It is with great pleasure that I introduce you, and invite you, to a new UK Disability Arts Alliance, #WeShallNotBeRemoved !
#WeShallNotBeRemoved is an alliance of UK-based disabled artists across all forms, disabled workers within the creative industry and disability led arts organisations. The group’s community currently exists mainly on Slack, and any disabled practitioners whose descriptions match the above can join by sending an email asking to be added to the group to email@example.com. You can use Slack in your web-browser, and do not have to have any particular technology other than a phone/tablet/laptop/computer with internet access. There is a great deal of accessibility information and how-to guides within the Slack forum, but if you are having any issues please let someone know.
I was fortunate enough to grab one of #WSNBR founding members, UK Government Disability Champion for Arts and Culture Andrew Miller, just a couple of days before our first members meeting on Zoom, attended by – at my last count – 101 disabled creatives around the UK!
An Emergency Response to an Emerging Crisis
The #WeShallNotBeRemoved movement is being called an ‘Emergency Response’. I wondered if at any other point in his career, Andrew had felt that he was in a time which felt like a “crisis” in need of an emergency response?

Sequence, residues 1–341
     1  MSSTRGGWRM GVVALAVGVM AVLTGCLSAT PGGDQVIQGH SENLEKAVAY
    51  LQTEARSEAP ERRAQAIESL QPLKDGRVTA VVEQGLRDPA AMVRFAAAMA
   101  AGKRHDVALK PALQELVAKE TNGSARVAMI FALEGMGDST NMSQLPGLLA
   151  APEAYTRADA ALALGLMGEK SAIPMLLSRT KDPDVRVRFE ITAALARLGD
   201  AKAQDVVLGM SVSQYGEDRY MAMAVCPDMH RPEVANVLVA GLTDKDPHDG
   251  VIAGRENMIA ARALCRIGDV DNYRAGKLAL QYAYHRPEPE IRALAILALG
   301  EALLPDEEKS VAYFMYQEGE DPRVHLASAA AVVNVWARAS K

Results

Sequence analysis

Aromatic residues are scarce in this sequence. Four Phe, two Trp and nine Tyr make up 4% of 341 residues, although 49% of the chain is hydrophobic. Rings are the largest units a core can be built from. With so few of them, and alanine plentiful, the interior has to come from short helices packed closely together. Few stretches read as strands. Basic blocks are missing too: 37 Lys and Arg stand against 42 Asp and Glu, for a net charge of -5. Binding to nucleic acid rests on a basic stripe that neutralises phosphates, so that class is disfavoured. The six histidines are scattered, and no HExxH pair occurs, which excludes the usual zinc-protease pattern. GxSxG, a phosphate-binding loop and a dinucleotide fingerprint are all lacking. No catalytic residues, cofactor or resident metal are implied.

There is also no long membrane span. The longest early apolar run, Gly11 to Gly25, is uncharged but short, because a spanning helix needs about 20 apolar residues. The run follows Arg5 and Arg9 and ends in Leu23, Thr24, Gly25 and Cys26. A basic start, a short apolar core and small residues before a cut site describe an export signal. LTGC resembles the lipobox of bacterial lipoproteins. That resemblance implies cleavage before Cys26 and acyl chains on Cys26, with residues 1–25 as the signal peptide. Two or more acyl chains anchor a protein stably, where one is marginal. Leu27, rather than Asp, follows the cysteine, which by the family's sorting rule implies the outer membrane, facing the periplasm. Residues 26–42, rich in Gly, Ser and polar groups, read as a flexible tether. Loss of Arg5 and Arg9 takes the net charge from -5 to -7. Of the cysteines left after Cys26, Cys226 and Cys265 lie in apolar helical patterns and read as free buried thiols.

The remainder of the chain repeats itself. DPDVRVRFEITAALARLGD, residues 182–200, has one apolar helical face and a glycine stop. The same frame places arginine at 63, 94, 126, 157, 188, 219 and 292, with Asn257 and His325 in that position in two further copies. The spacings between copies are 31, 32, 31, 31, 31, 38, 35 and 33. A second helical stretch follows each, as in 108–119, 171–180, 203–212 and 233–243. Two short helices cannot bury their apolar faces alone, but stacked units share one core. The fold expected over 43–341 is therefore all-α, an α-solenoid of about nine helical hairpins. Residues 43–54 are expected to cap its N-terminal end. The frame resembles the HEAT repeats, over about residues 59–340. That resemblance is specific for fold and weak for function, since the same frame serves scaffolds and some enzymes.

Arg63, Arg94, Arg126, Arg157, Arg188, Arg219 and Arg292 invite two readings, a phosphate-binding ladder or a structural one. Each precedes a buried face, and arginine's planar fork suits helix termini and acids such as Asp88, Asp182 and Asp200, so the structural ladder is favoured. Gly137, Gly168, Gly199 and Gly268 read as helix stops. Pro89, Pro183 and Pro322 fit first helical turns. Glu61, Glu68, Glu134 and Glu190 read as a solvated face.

“No, certainly not. Not like this, anyhow. I mean there was the 1980’s disability movement, and that felt like a very important moment then. That was undoubtedly an important moment to get things off the ground, the whole ‘Nothing about us, without us’ campaign. After that, of course, everyone’s gone into their different art forms, different impairment groups, and it’s all started to flow. Disability arts and inclusive arts has grown exponentially over the last thirty years very successfully. I think it’s actually one of the real ‘British success stories’, to use a government phrase.”
I hadn’t thought of the UK disability arts scene as an authority within a global context, but it’s true – we are global leaders in the inclusive arts industry in the UK, and many countries look to us in terms of the models and policies we use. Then what is it that we want from #WSNBR and why now? Have we not had a reason to come together since then?
“It’s not only a real point of existential threat to the arts, which is the thing that binds us all, that we all love, but there’s also this huge threat to us personally.”